Using robots to block Google News
We understand that news organizations publish lots of content and not all of it may be right for Google News. You can prevent parts of your site from being indexed by our web crawlers if you create a robots.txt file, meta tags, or HTTP header specifications. Google News crawls with the same robot as Google Web Search, called Googlebot .
If you would prefer not to be included in Google News but want to remain in Web search, Google News respects a robots entry for Googlebot-News, if it is more restrictive than the robots entry for Googlebot. In other words, to be extremely clear:
- If you block access to Googlebot-News, we will not index your site in Google News.
- If you block access to Googlebot, we will not index your site in Google News or Web Search.
Creating a robots.txt file
Using a robots.txt file gives you a high level of control over what parts of your site are indexed by Google. You'll find a comprehensive guide to creating and maintaining robots.txt files at our Webmaster Help Center .
Be careful to provide our crawler access to your robots.txt file, so we will know if you've specified certain sections of your site you don't want crawled.
Creating a meta tag
Rather than use a robots.txt file to block crawler access to pages, you can add a meta tag to an HTML page to tell robots not to index the page. This standard is described at our Webmaster Help Center .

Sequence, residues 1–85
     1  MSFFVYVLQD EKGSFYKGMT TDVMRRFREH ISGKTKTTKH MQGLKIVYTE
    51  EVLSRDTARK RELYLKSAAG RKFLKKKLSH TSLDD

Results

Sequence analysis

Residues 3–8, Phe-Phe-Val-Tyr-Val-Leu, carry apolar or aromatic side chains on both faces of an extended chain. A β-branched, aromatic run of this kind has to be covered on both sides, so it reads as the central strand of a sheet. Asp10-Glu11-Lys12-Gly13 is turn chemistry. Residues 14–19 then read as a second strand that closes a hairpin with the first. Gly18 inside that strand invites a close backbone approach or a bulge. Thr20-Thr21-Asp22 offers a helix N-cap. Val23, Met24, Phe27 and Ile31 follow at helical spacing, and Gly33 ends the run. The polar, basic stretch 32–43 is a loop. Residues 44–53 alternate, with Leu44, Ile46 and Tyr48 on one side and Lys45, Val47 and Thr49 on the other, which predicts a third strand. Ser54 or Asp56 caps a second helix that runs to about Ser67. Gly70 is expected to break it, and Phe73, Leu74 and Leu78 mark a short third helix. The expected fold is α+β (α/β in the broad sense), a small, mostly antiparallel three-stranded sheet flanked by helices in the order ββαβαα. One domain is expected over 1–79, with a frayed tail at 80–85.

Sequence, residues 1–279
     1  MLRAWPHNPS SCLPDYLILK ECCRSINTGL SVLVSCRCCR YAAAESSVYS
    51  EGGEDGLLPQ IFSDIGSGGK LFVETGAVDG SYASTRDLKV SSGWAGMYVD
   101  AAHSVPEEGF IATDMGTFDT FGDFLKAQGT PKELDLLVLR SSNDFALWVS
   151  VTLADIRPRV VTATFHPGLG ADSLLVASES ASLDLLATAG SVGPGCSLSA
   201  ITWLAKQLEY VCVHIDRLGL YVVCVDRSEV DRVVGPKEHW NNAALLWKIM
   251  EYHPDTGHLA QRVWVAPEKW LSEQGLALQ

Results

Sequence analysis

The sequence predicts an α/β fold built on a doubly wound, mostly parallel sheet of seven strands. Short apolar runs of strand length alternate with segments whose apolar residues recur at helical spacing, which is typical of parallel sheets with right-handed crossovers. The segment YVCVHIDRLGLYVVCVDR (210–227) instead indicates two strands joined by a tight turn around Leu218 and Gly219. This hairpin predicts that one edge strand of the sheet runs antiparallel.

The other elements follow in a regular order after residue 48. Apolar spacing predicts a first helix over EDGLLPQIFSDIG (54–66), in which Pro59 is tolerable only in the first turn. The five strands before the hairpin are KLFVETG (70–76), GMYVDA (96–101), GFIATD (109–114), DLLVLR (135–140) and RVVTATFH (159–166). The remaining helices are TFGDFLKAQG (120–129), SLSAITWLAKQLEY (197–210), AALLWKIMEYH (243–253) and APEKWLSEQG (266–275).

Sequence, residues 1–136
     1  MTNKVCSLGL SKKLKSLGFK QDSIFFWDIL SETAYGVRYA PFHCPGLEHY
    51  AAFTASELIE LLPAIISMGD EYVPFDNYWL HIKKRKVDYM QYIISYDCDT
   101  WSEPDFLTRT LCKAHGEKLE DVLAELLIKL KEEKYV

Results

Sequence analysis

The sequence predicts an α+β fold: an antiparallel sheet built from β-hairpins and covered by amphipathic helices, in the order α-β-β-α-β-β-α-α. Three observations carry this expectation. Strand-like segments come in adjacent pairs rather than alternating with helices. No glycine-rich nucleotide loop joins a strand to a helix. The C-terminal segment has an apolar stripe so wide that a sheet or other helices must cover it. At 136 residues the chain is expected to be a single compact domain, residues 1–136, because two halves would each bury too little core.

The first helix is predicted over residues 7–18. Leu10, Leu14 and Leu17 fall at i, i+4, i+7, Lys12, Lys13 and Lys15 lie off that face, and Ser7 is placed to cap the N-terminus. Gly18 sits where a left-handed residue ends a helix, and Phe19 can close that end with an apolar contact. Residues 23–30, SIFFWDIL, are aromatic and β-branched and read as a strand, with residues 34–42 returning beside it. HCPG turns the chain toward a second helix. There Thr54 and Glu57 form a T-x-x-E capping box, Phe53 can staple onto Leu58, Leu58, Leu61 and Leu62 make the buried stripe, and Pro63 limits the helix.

If you would like the meta tag to be applied only to the Google News homepage, topic page, and story pages, make sure you use Googlebot-News rather than Googlebot.
To prevent all robots from indexing a page on your site, you'd place the following meta tag into the
<head>section of your page:
<meta name="robots" content="noindex, nofollow">
To allow other robots to index the page on your site, but prevent the Google robot from indexing the page, you'd use the following tag:
<meta name="googlebot" content="noindex, nofollow">
To allow robots to index the page on your site but instruct them not to follow outgoing links, you'd use the following tag:
<meta name="robots" content="nofollow">
To allow robots to index the page on your site but instruct them not to index images on that page, you'd use the following tag:
<meta name="robots" content="noimageindex">
To inform us that an article will expire at a certain time, at which point it should be removed from the Google index, you'd use the following tag:
<meta name="googlebot" content="unavailable_after: 25-Aug-2011 15:00:00 EST">
The date and time must be specified in the RFC 850 format . This information is treated as a removal request: it will take about a day after the removal date passes for the page to disappear from the search results. However, in order for the tag to function properly, it must be included with your article at the time that it is first crawled.
Using HTTP Header Specifications
You can also provide robots instructions in the HTTP header. Please visit Google Developers article on HTTP header specifications for more information.